Project description:X-inactive-specific transcript (XIST) is one of the firstly discovered long non-coding RNAs with prominent roles in the process of X inactivation. Moreover, this transcript contributes in the carcinogenic process in different tissues. In addition to interacting with chromatin modifying molecules, XIST can be served as a molecular sponge for miRNAs to modulate expression of miRNA targets. Most of the studies have indicated an oncogenic role for XIST. However, in prostate cancer, a single study has indicated a tumor suppressor role for this lncRNA. Similar result has been reported for XIST in oral squamous cell carcinoma. In hepatocellular carcinoma, breast cancer, ovarian cancer, osteosarcoma, and renal cell carcinoma, different studies have reported inconsistent results. In the present manuscript, we review function of XIST in the carcinogenesis.
Project description:Glioma is a worldwide malignancy, which displays significantly active metastasis and angiogenesis. Interaction between long non-coding RNAs (lncRNAs) and microRNAs (miRNAs) has been shown to play crucial role in regulating tumor properties. However, the potential of lncRNA X-inactive specific transcript (XIST) to function as a miRNA regulator and its relevance in glioma tumorigenicity and angiogenesis have so far remained unclear. Expression analysis of lncRNA XIST in glioma cells revealed its significant up-regulation. Interestingly, silencing of XIST repressed both metastatic and pro-angiogenic ability in vitro as well as in vivo. Subsequent studies revealed that lncRNA XIST expression inversely correlated with miR-429 expression in glioma cells; miR-429 modulated XIST expression by directly targeting the XIST gene sequence. In addition, miR-429 inhibitor restored metastatic and pro-angiogenic ability of gliomas abolished by silencing XIST. Our data provide insight into the key roles of the lncRNA-miRNA functional network in gliomas, which can aid in developing new therapeutic strategies for gliomas through clinical trials.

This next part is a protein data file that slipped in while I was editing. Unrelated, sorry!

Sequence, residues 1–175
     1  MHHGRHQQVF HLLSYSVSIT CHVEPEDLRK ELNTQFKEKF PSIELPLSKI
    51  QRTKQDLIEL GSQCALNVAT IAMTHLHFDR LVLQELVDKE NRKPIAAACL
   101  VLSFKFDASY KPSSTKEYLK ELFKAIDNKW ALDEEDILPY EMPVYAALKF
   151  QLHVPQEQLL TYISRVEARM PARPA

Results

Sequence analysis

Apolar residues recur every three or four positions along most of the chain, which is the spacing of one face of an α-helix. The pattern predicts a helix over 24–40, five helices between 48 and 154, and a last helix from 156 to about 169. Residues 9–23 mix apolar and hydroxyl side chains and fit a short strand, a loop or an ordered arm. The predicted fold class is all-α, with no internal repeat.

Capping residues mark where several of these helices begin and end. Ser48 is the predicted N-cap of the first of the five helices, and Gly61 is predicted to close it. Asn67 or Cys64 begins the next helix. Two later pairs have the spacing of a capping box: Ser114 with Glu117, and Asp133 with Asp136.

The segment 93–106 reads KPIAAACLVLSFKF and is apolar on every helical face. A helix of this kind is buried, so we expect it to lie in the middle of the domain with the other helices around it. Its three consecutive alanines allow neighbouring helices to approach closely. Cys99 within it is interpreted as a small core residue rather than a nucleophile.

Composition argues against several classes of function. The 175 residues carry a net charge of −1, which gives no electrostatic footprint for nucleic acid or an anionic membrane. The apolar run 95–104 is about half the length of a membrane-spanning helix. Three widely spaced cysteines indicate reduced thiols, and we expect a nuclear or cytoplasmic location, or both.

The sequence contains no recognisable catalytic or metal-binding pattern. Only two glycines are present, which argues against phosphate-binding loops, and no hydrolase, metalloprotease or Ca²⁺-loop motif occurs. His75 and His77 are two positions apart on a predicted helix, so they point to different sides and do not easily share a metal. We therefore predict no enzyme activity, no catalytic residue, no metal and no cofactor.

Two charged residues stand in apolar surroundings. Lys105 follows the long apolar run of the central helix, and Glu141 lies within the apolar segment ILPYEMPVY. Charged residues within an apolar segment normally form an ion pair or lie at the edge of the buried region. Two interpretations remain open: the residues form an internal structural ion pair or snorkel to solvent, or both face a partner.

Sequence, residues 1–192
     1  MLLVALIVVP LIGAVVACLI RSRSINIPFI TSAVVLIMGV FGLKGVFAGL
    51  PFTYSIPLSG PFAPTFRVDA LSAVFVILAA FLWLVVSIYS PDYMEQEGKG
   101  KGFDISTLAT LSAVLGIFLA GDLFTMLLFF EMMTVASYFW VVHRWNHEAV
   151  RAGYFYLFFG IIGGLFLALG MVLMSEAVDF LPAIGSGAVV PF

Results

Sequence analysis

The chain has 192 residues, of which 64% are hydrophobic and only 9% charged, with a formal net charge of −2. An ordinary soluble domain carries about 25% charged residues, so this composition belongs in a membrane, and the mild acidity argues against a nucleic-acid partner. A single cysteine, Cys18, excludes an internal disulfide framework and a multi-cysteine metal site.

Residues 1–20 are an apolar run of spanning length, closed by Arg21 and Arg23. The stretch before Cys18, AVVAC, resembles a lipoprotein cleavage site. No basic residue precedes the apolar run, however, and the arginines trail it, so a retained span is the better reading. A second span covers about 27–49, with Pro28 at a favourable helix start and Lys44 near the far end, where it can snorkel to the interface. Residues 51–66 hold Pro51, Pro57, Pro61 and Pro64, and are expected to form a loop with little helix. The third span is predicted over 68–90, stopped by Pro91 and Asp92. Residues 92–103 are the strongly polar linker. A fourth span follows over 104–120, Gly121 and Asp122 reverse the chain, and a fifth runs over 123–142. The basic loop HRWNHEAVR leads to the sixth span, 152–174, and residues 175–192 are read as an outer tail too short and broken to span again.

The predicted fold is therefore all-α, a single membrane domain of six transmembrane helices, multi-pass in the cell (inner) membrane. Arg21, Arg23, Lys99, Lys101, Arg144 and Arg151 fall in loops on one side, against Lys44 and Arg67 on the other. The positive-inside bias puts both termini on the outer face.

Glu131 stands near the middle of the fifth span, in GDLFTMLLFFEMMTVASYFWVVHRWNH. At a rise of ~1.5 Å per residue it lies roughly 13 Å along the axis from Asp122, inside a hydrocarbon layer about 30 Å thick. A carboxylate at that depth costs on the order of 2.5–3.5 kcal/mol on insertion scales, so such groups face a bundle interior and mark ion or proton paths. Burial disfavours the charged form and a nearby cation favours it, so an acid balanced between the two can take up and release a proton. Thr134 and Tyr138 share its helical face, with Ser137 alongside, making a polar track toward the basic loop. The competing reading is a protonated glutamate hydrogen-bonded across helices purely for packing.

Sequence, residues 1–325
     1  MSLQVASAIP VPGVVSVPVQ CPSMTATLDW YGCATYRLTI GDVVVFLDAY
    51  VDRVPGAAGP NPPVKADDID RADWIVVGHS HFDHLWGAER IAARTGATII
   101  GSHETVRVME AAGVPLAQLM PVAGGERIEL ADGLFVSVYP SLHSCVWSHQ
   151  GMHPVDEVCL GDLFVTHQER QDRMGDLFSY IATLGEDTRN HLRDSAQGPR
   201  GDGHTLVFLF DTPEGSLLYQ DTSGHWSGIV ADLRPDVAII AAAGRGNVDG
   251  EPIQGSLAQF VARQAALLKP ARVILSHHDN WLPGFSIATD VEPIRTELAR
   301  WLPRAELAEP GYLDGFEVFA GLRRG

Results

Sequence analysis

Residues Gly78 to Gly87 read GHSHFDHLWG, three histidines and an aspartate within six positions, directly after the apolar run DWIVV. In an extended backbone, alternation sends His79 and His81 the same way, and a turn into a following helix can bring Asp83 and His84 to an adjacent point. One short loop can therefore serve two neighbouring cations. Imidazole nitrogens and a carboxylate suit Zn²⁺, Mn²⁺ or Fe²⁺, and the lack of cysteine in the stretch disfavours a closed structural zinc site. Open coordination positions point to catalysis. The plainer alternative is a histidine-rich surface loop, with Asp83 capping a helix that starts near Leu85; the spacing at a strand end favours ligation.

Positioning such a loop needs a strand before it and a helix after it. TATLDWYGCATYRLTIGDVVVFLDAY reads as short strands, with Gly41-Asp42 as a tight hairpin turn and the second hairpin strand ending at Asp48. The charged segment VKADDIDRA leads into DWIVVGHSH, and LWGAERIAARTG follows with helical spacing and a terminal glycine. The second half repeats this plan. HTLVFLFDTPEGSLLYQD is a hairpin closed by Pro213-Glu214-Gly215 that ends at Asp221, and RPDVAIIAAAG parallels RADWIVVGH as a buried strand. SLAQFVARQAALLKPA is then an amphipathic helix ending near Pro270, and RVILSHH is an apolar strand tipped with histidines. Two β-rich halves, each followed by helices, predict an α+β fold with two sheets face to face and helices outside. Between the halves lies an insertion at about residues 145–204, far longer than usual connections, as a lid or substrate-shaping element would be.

Project description:Autism spectrum disorder (ASD) is a class of neurodevelopmental disorders characterized by genetic and environmental risk factors. The pathogenesis of ASD has a strong genetic basis, consisting of rare de novo or inherited variants among a variety of multiple molecules. Previous studies have shown that microRNAs (miRNAs) are involved in neurogenesis and brain development and are closely associated with the pathogenesis of ASD. However, the regulatory mechanisms of miRNAs in ASD are largely unclear. In this work, we present a stepwise method, ASDmiR, for the identification of underlying pathogenic genes, networks, and modules associated with ASD. First, we conduct a comparison study on 12 miRNA target prediction methods by using the matched miRNA, lncRNA, and mRNA expression data in ASD. In terms of the number of experimentally confirmed miRNA-target interactions predicted by each method, we choose the best method for identifying miRNA-target regulatory network. Based on the miRNA-target interaction network identified by the best method, we further infer miRNA-target regulatory bicliques or modules. In addition, by integrating high-confidence miRNA-target interactions and gene expression data, we identify three types of networks, including lncRNA-lncRNA, lncRNA-mRNA, and mRNA-mRNA related miRNA sponge interaction networks. To reveal the community of miRNA sponges, we further infer miRNA sponge modules from the identified miRNA sponge interaction network. Functional analysis results show that the identified hub genes, as well as miRNA-associated networks and modules, are closely linked with ASD. ASDmiR is freely available at https://github.com/chenchenxiong/ASDmiR.